# Wealth distribution model

This model is a simple agent-based economy that is modelled according to the work of Dragulescu et al.. This work introduces statistical mechanics concepts to study wealth distributions. What we show here is also referred to as "Boltzmann wealth distribution" model.

This model has a version with and without space. The rules of the space-less game are quite simple:

1. There is a pre-determined number of agents.
3. At every step an agent gives 1 unit of wealth (if they have it) to some other agent.

Even though this rule-set is simple, it can still recreate the basic properties of wealth distributions, e.g. power-laws distributions.

## Core structures: space-less

We start by defining the Agent type and initializing the model.

using Agents
mutable struct WealthAgent <: AbstractAgent
id::Int
wealth::Int
end

Notice that this agent does not have a pos field. That is okay, because there is no space structure to this example. We can also make a very simple AgentBasedModel for our model.

function wealth_model(; numagents = 100, initwealth = 1)
model = ABM(WealthAgent, scheduler = random_activation)
for i in 1:numagents
end
return model
end

model = wealth_model()
AgentBasedModel with 100 agents of type WealthAgent
no space
scheduler: random_activation

The next step is to define the agent step function

function agent_step!(agent, model)
agent.wealth == 0 && return # do nothing
ragent = random_agent(model)
agent.wealth -= 1
ragent.wealth += 1
end

We use random_agent as a convenient way to just grab a second agent. (this may return the same agent as agent, but we don't care in the long run)

## Running the space-less model

Let's do some data collection, running a large model for a lot of time

N = 5
M = 2000
model = wealth_model(numagents = M)
data[(end - 20):end, :]

21 rows × 3 columns

stepidwealth
Int64Int64Int64
1519801
2519811
3519820
4519832
5519842
6519850
7519861
8519870
9519882
10519891
11519900
12519910
13519923
14519935
15519942
16519951
17519960
18519970
19519983
20519991
21520000

What we mostly care about is the distribution of wealth, which we can obtain for example by doing the following query:

wealths = filter(x -> x.step == N - 1, data)[!, :wealth]
2000-element Array{Int64,1}:
4
4
1
0
2
0
1
2
1
1
⋮
3
5
1
0
0
1
0
2
1

and then we can make a histogram of the result. With a simple visualization we immediately see the power-law distribution:

using UnicodePlots
UnicodePlots.histogram(wealths)
              ┌                                        ┐
[0.0, 1.0) ┤▇▇▇▇▇▇▇▇▇▇▇▇▇▇▇▇▇▇▇▇▇▇▇▇▇▇▇▇▇▇▇▇▇▇▇ 894
[1.0, 2.0) ┤▇▇▇▇▇▇▇▇▇▇▇▇▇▇▇▇▇▇▇▇▇▇▇ 587
[2.0, 3.0) ┤▇▇▇▇▇▇▇▇▇▇▇ 278
[3.0, 4.0) ┤▇▇▇▇▇▇ 154
[4.0, 5.0) ┤▇▇ 59
[5.0, 6.0) ┤▇ 15
[6.0, 7.0) ┤ 7
[7.0, 8.0) ┤ 6
└                                        ┘
Frequency

## Core structures: with space

We now expand this model to (in this case) a 2D grid. The rules are the same but agents exchange wealth only with their neighbors. We therefore have to add a pos field as the second field of the agents:

mutable struct WealthInSpace <: AbstractAgent
id::Int
pos::NTuple{2,Int}
wealth::Int
end

function wealth_model_2D(; dims = (25, 25), wealth = 1, M = 1000)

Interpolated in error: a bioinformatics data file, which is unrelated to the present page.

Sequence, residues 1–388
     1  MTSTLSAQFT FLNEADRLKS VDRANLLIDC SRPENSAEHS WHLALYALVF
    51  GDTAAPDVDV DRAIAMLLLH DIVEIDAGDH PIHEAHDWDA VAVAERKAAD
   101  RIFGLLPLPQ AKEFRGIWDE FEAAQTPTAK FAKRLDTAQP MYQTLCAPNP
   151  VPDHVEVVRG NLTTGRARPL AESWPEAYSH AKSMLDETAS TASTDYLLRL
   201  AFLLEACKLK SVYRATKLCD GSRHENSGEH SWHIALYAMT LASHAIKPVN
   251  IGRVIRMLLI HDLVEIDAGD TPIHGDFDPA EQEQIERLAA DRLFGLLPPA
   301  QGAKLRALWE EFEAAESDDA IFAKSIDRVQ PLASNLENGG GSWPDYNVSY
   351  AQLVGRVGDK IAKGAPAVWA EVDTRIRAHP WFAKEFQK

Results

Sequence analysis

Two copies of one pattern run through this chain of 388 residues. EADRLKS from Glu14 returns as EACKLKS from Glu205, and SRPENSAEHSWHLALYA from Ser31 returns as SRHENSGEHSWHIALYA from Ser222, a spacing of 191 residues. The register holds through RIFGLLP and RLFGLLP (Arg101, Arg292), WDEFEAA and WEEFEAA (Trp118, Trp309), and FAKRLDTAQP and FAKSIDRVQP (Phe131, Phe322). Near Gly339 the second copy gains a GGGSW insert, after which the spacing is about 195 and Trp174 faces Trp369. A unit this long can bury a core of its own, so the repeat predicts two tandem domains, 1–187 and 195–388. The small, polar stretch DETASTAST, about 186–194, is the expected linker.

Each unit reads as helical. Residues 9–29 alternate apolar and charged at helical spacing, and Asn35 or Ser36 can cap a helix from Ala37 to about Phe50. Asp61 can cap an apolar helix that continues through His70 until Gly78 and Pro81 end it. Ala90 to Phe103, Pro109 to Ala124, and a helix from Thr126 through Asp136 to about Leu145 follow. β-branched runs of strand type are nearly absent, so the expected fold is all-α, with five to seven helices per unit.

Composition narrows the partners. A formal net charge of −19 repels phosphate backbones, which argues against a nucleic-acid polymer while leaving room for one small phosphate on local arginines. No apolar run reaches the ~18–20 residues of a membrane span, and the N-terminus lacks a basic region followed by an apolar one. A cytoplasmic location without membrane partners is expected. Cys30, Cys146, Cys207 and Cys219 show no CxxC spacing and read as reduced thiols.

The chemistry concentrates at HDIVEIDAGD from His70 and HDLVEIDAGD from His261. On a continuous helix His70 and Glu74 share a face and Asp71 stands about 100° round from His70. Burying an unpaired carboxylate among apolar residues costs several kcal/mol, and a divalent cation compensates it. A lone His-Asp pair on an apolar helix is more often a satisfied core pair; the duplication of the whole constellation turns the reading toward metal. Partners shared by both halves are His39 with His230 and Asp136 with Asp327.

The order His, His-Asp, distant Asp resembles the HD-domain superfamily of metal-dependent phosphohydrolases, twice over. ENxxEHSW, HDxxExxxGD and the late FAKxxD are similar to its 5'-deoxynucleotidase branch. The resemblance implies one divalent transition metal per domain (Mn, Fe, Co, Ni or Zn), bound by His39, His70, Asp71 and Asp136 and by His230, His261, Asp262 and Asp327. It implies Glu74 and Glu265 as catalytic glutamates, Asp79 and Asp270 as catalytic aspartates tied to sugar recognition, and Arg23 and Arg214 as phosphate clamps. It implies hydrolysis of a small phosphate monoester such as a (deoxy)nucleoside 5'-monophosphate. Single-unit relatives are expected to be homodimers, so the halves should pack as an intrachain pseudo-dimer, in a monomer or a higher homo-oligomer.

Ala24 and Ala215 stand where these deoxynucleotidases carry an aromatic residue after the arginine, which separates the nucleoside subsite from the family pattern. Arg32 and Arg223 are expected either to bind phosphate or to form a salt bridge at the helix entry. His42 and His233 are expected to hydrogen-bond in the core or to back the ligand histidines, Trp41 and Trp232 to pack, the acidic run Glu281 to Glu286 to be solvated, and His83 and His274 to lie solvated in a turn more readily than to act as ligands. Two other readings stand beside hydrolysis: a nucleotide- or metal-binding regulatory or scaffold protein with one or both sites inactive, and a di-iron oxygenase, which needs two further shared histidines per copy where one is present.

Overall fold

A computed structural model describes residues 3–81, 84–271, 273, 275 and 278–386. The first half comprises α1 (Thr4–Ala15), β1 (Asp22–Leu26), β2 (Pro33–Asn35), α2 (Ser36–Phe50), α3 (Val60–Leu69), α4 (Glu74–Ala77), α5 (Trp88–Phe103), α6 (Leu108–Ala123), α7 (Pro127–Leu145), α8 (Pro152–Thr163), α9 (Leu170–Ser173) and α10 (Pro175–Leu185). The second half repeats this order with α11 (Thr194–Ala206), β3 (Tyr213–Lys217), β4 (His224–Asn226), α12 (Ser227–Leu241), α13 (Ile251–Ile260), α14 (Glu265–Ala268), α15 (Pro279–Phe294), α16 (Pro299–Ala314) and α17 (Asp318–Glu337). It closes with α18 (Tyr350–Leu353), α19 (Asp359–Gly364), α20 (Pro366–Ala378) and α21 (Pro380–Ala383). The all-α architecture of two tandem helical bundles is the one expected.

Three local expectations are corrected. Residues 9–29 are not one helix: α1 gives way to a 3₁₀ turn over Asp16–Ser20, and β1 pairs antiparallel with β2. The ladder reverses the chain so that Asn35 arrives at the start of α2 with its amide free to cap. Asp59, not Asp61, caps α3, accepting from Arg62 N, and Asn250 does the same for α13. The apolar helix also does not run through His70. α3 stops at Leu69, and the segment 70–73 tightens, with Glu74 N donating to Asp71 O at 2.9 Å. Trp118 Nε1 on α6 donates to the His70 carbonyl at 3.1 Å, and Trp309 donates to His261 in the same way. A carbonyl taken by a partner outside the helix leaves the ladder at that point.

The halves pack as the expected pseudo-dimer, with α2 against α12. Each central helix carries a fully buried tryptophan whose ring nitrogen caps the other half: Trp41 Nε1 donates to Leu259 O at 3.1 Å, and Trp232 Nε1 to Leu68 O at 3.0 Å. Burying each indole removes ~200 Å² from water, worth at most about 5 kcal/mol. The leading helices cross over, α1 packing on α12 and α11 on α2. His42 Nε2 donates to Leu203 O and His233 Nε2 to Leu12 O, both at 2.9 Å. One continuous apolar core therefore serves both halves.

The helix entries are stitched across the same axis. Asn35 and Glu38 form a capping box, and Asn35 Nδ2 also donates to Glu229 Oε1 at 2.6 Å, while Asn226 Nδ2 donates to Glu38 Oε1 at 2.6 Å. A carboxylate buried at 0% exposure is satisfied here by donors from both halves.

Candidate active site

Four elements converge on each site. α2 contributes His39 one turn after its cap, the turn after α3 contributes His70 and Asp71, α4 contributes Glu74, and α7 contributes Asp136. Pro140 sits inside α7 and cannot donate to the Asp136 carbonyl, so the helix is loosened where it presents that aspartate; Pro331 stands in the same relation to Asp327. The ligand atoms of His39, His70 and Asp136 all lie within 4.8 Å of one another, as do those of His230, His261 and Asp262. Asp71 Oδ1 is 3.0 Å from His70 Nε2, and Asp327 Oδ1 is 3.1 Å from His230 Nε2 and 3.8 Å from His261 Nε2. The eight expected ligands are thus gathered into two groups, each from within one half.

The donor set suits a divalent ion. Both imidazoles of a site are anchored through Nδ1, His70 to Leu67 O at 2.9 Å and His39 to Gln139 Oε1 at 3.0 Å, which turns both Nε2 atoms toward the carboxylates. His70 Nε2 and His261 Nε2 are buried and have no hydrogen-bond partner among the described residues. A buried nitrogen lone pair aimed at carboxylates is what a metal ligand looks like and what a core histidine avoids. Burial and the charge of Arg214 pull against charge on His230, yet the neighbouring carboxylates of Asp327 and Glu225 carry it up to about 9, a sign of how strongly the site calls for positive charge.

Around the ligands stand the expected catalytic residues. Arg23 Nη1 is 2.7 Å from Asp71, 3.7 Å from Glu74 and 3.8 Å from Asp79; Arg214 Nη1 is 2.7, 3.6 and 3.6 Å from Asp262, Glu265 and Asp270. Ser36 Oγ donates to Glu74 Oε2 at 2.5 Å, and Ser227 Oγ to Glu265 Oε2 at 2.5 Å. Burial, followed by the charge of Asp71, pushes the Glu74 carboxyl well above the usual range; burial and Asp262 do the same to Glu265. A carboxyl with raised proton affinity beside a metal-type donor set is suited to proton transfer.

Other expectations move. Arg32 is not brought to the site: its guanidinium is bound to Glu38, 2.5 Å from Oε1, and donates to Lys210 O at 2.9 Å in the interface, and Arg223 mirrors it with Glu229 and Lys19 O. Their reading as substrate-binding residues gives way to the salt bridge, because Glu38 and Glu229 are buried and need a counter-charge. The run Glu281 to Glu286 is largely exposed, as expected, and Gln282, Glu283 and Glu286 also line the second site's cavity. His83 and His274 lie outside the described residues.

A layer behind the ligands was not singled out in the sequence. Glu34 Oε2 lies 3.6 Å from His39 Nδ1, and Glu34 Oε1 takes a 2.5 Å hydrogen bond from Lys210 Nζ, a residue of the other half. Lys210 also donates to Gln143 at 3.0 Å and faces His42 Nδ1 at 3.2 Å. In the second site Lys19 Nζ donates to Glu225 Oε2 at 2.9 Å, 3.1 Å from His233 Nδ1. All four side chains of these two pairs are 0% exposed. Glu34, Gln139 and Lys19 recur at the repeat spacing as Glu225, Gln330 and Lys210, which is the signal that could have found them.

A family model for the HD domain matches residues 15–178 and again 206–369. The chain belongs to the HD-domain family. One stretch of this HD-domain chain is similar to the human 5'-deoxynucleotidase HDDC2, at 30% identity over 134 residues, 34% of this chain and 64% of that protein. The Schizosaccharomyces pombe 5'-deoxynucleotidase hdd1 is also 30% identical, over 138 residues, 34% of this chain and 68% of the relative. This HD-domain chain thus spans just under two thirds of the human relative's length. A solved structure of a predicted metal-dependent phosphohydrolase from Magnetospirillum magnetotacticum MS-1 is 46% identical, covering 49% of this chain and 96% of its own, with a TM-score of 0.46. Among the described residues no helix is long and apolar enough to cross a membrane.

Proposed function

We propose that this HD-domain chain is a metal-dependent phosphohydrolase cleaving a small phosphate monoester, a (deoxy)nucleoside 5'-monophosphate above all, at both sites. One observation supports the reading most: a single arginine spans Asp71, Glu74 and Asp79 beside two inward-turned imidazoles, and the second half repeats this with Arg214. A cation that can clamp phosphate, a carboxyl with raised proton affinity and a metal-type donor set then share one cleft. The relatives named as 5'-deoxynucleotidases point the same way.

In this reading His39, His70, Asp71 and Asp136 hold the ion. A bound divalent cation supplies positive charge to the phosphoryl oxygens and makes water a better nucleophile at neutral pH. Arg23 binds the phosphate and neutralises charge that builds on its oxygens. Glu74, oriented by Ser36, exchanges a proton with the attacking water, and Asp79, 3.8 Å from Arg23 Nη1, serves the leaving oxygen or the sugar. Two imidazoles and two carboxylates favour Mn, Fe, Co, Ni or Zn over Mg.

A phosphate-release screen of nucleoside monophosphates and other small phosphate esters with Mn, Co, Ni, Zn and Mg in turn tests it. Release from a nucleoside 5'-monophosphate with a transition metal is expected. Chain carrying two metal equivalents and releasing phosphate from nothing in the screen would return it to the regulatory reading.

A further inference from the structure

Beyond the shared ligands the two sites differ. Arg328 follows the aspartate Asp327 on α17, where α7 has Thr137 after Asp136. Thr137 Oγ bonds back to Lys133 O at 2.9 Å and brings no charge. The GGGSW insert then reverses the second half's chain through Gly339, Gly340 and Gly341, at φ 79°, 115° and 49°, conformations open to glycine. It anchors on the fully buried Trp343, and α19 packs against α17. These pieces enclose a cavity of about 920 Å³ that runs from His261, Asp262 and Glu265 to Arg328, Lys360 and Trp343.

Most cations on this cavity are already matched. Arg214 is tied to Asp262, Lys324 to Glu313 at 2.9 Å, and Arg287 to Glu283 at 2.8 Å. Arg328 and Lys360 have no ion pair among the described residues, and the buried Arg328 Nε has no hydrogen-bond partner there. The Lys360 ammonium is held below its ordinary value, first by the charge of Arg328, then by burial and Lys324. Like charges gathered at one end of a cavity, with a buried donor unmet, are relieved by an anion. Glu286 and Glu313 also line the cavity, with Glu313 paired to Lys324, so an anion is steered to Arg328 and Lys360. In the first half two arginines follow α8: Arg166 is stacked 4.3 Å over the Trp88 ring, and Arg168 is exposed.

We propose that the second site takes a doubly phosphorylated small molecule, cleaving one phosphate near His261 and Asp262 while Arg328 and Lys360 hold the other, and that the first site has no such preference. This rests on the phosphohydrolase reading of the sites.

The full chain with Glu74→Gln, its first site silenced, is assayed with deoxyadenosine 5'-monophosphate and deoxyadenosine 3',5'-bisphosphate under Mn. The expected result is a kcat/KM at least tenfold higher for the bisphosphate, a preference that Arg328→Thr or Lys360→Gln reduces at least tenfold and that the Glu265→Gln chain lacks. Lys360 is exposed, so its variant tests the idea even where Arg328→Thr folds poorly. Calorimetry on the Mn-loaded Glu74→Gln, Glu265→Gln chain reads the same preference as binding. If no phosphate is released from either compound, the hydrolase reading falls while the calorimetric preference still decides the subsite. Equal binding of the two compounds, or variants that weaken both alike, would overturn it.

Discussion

space = GridSpace(dims, periodic = true)
model = ABM(WealthInSpace, space; scheduler = random_activation)
for i in 1:M # add agents in random nodes
end
return model
end

model2D = wealth_model_2D()
AgentBasedModel with 1000 agents of type WealthInSpace
space: GridSpace with 625 nodes and 1250 edges
scheduler: random_activation

The agent actions are a just a bit more complicated in this example. Now the agents can only give wealth to agents that exist on the same or neighboring nodes (their "neighbors").

function agent_step_2d!(agent, model)
agent.wealth == 0 && return # do nothing
agent_node = coord2vertex(agent.pos, model)
neighboring_nodes = node_neighbors(agent_node, model)
push!(neighboring_nodes, agent_node) # also consider current node
rnode = rand(neighboring_nodes) # the node that we will exchange with
available_ids = get_node_contents(rnode, model)
if length(available_ids) > 0
random_neighbor_agent = model[rand(available_ids)]
agent.wealth -= 1
random_neighbor_agent.wealth += 1
end
end

## Running the model with space

init_wealth = 4
model = wealth_model_2D(; wealth = init_wealth)
data, _ = run!(model, agent_step!, 10; adata = adata, when = [1, 5, 9])
data[(end - 20):end, :]

21 rows × 4 columns

stepidwealthpos
Int64Int64Int64Tuple…
199802(10, 23)
299815(21, 1)
399822(18, 13)
499832(24, 7)
599841(24, 1)
699853(4, 10)
799863(5, 5)
899876(21, 6)
999884(11, 18)
1099896(19, 16)
1199901(14, 25)
1299913(17, 20)
1399924(25, 22)
1499935(24, 1)
1599949(16, 13)
16999510(1, 18)
1799965(19, 22)
1899978(21, 2)
1999984(6, 21)
2099990(13, 1)
21910004(2, 7)

Okay, now we want to get the 2D spatial wealth distribution of the model. That is actually straightforward:

using Plots

function wealth_distr(data, model, n)
W = zeros(Int, size(model.space))
for row in eachrow(filter(r -> r.step == n, data)) # iterate over rows at a specific step
W[row.pos...] += row.wealth
end
return W
end

W1 = wealth_distr(data, model2D, 1)
Plots.heatmap(W1)
W5 = wealth_distr(data, model2D, 5)
Plots.heatmap(W5)
W10 = wealth_distr(data, model2D, 9)
Plots.heatmap(W10)

What we see is that wealth gets more and more localized.